ABSTRACT: Ground-water flow through the surficial aquifer system at Naval Station Mayport near Jacksonville, Florida, was simulated with a two-layer finite-difference model as part of an investigation conducted by the U.S. Geological Survey. The model was calibrated to 229 water-level measurements from 181 wells during three synoptic surveys (July 17, 1995; July 31, 1996; and October 24, 1996). A quantifiable understanding of ground-water flow through the surficial aquifer was needed to evaluate remedial-action alternatives under consideration by the Naval Station Mayport to control the possible movement of contaminants from sites on the station.
Multi-well aquifer tests, single-well tests, and slug tests were conducted to estimate the hydraulic properties of the surficial aquifer system, which was divided into three geohydrologic units—an S-zone and an I-zone separated by a marsh-muck confining unit. The recharge rate was estimated to range from 4 to 15 inches per year (95 percent confidence limits), based on a chloride-ratio method. Most of the simulations following model calibration were based on a recharge rate of 8 inches per year to unirrigated pervious areas.
The advective displacement of saline pore water during the last 200 years was simulated using a particle-tracking routine, MODPATH, applied to calibrated steady-state and transient models of the Mayport peninsula. The surficial aquifer system at Naval Station Mayport has been modified greatly by natural and anthropogenic forces so that the freshwater flow system is expanding and saltwater is being flushed from the system. A new MODFLOW package (VAR1) was written to simulate the temporal variation of hydraulic properties caused by construction activities at Naval Station Mayport. The transiently simulated saltwater distribution after 200 years of displacement described the chloride distribution in the I-zone (determined from measurements made during 1993 and 1996) better than the steady-state simulation.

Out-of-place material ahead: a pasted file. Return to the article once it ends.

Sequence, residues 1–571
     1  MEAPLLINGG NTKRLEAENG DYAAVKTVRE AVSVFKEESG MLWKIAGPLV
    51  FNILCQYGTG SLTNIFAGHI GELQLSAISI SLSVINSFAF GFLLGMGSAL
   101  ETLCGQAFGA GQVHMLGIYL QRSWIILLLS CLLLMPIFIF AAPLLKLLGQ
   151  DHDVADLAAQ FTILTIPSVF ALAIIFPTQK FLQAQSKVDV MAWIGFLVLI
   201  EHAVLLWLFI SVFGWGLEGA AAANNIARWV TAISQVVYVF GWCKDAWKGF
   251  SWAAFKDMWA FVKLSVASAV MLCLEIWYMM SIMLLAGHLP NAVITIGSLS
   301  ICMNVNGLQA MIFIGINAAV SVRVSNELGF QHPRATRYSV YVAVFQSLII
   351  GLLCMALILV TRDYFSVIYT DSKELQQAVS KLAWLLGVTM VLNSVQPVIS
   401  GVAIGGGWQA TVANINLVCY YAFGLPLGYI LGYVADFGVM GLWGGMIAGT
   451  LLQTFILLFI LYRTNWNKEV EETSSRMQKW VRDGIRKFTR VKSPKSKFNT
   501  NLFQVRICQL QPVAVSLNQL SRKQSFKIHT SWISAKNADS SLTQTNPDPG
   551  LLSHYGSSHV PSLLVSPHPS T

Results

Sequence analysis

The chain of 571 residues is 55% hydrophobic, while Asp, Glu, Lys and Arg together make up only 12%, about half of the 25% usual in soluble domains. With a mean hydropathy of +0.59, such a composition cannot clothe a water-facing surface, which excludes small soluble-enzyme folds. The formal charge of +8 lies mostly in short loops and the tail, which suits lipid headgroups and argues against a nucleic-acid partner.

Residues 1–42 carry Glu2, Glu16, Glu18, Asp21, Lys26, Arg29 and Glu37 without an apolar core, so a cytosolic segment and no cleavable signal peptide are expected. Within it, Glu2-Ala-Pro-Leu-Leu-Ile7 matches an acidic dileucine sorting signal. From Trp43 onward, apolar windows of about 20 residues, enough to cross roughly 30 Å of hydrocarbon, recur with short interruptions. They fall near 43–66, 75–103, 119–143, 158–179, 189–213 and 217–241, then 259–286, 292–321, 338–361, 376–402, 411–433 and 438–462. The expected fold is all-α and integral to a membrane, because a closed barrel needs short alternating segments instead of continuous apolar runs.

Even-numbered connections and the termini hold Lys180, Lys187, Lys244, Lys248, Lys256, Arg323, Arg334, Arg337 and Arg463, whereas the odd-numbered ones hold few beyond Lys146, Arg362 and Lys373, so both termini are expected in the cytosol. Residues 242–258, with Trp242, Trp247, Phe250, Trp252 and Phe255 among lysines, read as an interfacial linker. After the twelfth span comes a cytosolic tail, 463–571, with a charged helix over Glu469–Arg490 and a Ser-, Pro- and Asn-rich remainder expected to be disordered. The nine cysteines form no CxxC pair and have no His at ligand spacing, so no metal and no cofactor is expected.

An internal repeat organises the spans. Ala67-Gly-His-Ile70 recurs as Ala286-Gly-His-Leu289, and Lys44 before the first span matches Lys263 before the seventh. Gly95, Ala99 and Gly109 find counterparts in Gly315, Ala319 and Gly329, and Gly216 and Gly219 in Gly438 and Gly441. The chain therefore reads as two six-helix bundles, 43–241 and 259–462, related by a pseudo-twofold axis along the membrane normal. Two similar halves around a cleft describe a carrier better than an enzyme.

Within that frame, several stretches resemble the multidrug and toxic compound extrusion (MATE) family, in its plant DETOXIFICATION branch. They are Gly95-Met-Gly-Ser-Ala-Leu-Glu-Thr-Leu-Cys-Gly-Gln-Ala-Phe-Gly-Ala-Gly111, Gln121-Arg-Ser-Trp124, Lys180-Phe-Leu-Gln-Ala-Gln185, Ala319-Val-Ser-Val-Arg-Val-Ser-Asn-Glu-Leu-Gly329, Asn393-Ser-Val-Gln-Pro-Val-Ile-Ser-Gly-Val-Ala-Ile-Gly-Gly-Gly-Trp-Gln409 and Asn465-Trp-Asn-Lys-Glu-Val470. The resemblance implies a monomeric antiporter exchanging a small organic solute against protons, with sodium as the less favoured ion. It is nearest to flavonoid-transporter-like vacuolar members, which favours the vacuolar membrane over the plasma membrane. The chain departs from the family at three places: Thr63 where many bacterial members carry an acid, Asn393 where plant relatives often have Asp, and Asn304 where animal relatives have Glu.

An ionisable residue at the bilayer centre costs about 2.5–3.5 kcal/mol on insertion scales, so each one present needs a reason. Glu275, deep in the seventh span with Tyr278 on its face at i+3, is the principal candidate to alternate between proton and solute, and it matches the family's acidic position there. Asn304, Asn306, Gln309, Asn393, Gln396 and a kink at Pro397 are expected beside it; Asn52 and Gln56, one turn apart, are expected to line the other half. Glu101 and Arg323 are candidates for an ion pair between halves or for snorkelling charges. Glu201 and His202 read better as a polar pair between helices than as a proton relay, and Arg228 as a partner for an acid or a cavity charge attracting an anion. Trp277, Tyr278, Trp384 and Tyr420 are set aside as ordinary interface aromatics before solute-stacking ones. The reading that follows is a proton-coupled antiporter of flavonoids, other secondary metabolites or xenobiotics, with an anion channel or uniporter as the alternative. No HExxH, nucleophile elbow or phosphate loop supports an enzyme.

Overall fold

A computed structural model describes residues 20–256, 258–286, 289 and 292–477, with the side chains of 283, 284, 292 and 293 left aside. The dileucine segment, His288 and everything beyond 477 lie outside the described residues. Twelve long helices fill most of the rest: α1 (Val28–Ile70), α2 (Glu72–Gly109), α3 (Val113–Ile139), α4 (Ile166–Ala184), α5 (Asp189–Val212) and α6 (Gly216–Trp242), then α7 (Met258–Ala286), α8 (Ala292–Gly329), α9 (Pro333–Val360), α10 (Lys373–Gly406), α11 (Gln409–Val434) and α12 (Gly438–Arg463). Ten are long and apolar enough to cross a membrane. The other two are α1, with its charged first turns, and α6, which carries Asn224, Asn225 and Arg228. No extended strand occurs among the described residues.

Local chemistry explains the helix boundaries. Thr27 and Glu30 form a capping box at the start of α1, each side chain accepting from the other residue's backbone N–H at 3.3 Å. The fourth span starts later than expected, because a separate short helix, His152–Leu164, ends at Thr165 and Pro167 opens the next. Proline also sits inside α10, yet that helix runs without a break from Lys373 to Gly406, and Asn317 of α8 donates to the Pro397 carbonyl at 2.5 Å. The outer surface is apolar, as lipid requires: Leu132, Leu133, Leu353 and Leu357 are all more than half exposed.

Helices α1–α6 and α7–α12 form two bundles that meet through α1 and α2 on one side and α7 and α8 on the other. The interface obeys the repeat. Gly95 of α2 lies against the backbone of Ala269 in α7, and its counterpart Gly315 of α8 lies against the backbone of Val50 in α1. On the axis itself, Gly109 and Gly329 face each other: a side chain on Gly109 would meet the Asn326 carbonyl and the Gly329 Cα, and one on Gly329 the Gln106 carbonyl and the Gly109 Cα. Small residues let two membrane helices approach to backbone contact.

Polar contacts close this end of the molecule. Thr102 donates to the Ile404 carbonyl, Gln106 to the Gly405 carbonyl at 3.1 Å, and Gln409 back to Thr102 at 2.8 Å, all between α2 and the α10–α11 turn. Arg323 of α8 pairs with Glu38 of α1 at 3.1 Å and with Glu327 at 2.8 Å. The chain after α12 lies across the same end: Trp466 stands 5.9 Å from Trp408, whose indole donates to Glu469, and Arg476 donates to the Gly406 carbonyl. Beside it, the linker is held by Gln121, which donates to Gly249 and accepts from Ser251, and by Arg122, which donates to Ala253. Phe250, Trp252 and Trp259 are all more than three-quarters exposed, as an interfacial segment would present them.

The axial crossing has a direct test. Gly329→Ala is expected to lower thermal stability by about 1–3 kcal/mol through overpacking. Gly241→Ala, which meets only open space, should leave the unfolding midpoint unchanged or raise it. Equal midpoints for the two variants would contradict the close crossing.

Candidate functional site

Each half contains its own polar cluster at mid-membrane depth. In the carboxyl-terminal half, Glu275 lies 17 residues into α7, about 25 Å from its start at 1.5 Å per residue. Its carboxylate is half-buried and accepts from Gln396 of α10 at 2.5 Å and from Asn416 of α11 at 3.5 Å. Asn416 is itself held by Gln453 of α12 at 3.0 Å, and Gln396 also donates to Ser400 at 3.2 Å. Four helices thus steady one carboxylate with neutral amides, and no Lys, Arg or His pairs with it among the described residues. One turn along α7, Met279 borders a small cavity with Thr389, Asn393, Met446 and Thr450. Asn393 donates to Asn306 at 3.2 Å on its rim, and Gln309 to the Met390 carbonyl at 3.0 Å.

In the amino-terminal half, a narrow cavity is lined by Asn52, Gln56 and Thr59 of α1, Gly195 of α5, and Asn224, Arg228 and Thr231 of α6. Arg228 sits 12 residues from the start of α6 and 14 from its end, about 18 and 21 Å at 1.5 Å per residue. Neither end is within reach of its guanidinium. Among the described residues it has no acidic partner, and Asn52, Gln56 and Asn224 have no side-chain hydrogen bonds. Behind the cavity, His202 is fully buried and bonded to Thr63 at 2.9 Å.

The advective movement of contaminants from selected sites within the solid waste management units to discharge points was simulated using MODPATH. Most of the particles were discharged to the nearest surface-water feature after traveling less than 1,000 feet in the ground-water system. Most areas within 1,000 feet of a surface-water feature or storm sewer had traveltimes of less than 50 years, based on an effective porosity of 40 percent.
Contributing areas, traveltimes, and pathlines were identified for 224 wells at Naval Station Mayport under steady-state and transient conditions by back-tracking a particle from the midpoint of the wetted screen of each well. Traveltimes to contributing areas that ranged between 15 and 50 years, estimated by the steady-state model, differed most from the transient traveltime estimates. Estimates of traveltimes and pathlines based on steady-state model results typically were 10 to 20 years more and about twice as long as corresponding estimates from the transient model. The models differed because the steady-state model simulated 1996 conditions when Naval Station Mayport had more impervious surfaces than at any earlier time. The expansion of the impervious surfaces increased the average distance between contributing areas and observation wells.